I cannot count the number of times in the last two weeks I or someone close to me has said, “I can’t remember anything like this in my lifetime.” It seems like we are living in an unprecedented time with extraordinary circumstances, many of which are out of our control. If modern people like anything, its control. And the loss of control seems terribly frightening.
In their book, Leadership on the Line, Ronald Heifetz and Martin Linsky describe two kinds of leadership: technical and adaptive. In technical leadership, experts apply known solutions to situations we’ve experienced with predictable outcomes. In adaptive situations, the context has changed, the way is unknown and the people who need to change need to do the work; experts can’t do it for them.
In recent months, the church has been confronted with an adaptive situation: COVID-19. Over the course of the weeks leading up to our current situation, life seemed normal, unchanged. But seemingly suddenly, we’ve been confronted with significant disruption and change that is requiring pastors and congregations to rethink how we do our work and how we live our witness.
The old adage “people hate change” is wrong. One of the things that Heifetz and Linsky identify is that it is not change that people hate, it’s loss. The disruptions we face that require us to adapt often require us to give up something important to us: identity, belief, values, etc. These losses shake us to our core and cause us to question all we’ve known to be true. It’s what happened to Job, to David, to an exiled Israel, to the prophets (see Habakkuk among others). And these become times of clarifying and reorientation.
Right now, churches all across the U.S. are wrestling with questions like, “Should we meet for worship?” “How do we care for the elderly?” “What about food distribution to the needy?” “How do we come alongside members who are having surgery, or sick, or dying?” “How can we be the church if we don’t meet together?”
This is an adaptive moment. We’ve never been here before. And as a result, these questions are causing congregations and their leaders to face significant loss. In this moment I offer the following suggestions:
There is not a patent answer for these questions as local situations and contexts will dictate how churches should respond. That said, if the response is driven by fear (“We’re all going to die!”) or by pride (“You can’t stop us from meeting!”) it is an unfaithful response.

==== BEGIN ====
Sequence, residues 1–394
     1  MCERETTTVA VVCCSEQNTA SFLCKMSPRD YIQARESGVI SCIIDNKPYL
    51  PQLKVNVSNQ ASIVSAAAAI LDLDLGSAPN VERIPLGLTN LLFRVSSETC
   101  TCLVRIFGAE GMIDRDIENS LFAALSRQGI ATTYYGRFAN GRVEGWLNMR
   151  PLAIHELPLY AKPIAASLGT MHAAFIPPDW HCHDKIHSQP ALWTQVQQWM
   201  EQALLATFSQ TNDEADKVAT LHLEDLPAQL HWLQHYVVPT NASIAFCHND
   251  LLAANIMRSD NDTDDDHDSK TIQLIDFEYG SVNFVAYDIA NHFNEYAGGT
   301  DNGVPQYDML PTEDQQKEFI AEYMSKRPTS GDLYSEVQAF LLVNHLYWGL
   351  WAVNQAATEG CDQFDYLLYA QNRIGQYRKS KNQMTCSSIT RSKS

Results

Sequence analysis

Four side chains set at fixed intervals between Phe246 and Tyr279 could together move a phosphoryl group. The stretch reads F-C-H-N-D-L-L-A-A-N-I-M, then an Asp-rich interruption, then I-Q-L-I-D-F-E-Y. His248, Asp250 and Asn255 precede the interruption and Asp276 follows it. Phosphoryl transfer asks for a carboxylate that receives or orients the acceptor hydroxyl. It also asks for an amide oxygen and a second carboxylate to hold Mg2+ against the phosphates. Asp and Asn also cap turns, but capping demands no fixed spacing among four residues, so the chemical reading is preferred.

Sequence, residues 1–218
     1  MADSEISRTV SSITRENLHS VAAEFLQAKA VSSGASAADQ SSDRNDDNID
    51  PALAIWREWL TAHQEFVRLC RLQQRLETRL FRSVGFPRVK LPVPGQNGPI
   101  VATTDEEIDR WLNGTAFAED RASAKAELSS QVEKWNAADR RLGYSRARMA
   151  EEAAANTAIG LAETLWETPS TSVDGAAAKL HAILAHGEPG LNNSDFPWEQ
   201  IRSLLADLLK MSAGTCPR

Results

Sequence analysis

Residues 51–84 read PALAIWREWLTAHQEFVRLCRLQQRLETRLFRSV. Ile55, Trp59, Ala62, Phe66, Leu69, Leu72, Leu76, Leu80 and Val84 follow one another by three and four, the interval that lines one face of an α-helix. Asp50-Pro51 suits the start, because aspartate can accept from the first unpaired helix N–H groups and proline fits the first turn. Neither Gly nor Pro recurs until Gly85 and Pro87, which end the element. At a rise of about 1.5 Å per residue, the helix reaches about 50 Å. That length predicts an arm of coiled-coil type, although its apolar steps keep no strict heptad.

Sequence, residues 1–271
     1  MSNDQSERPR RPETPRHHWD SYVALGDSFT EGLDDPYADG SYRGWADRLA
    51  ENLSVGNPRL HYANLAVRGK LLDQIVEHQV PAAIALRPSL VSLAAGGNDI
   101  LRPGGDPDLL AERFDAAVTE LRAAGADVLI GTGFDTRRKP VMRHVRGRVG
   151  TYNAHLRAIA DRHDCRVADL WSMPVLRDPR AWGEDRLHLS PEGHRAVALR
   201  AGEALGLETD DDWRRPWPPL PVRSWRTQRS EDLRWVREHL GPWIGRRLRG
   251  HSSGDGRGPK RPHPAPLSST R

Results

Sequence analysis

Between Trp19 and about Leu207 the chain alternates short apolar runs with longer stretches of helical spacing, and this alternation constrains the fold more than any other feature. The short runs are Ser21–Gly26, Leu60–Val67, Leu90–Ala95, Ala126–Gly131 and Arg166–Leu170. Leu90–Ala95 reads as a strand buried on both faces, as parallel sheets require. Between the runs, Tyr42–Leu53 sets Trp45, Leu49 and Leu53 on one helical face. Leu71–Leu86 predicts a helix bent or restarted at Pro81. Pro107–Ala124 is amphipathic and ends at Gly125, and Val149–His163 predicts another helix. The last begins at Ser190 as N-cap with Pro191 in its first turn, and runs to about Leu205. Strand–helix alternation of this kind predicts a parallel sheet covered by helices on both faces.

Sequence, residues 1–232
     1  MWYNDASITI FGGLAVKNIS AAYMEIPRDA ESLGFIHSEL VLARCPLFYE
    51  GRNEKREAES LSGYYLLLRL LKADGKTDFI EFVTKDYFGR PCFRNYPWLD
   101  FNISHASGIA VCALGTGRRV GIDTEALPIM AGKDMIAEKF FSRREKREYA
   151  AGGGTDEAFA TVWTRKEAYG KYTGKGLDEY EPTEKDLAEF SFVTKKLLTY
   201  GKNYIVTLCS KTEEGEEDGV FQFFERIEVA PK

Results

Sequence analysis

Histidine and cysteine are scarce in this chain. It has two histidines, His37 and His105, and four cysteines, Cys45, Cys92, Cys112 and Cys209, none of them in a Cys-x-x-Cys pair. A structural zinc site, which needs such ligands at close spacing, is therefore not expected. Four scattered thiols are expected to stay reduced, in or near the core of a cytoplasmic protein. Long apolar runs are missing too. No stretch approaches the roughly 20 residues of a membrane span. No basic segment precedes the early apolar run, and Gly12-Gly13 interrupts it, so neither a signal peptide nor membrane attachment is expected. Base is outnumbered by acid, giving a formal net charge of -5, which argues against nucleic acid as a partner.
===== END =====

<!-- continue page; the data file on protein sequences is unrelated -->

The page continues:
Adaptive situations require the people to do the work, not the experts. Pastors, you may have come to believe that you are responsible to drive change. If you do, it will never be meaningful. Real change (“transformation” to use the language of Romans 12:2) has to be internalized. And it can only be internalized if people are changed from the inside out.
Ask good questions. Questions are a great tool right now to allow the Spirit to work in your congregation. And don’t assume you have the answers; this is God’s work and God may surprise you.
Adaptive contexts require experimentation and sometimes those experiments don’t go as we hope. Keep experimenting. It’s how learning works and is a tool to living in humility and hopefulness.
Pastors, trust that the Spirit of God is at work in the congregation. The church is not a democracy nor an autocracy. It is a “pneumacracy” ruled by the Holy Spirit. Allow for our theological understanding of the priesthood of all believers to be realized by leading the church to seek God’s leading, not their own or your own leading. This is why we pray, so that we might hear God and do God’s will.
Let love guide you well. Heifetz and Linsky point out that love is the source of faithful leadership. This matches our understanding of Jesus’ teaching. In the midst of uncertainty and upheaval, the most important question we can all ask is: “How can I love well, or how can we, as a church, love well?” Likewise, let us lead our congregations to love our communities. Solidarity with our communities and seeking the well-being of our neighbors is certainly a Christian value we can explore and expand in this difficult season.
Remember that our ability to love is centered in God’s love for us manifest in Christ Jesus. It becomes much easier to love others when we see that love as a response to God’s love for ourselves.
Adaptive contexts require us to accept loss. But as we lose identities shaped in self-reliance and self-orientation, as we lose values of being powerful and in control, as we sacrifice the belief that we have life’s formula figured out, we are allowed the opportunity to be reformed by God’s work in us.
This reformation of identity should lead back to our realization that we are God’s beloved. God has not abandoned us nor forsaken us, despite how it may feel to some. This might be the very thing the world most needs to see in us and learn from us at this changing time.
Quentin P. Kinnison, is chair of the Biblical & Religious Studies Division and associate professor of Christian Ministry at Fresno Pacific University, and author of Transforming Pastoral Leadership.
Quentin P. Kinnison is associate professor of Christian ministry and the Biblical and Religious Studies Division chair at Fresno Pacific University. His research and 25-plus years of experience in various ministry contexts inform his writing.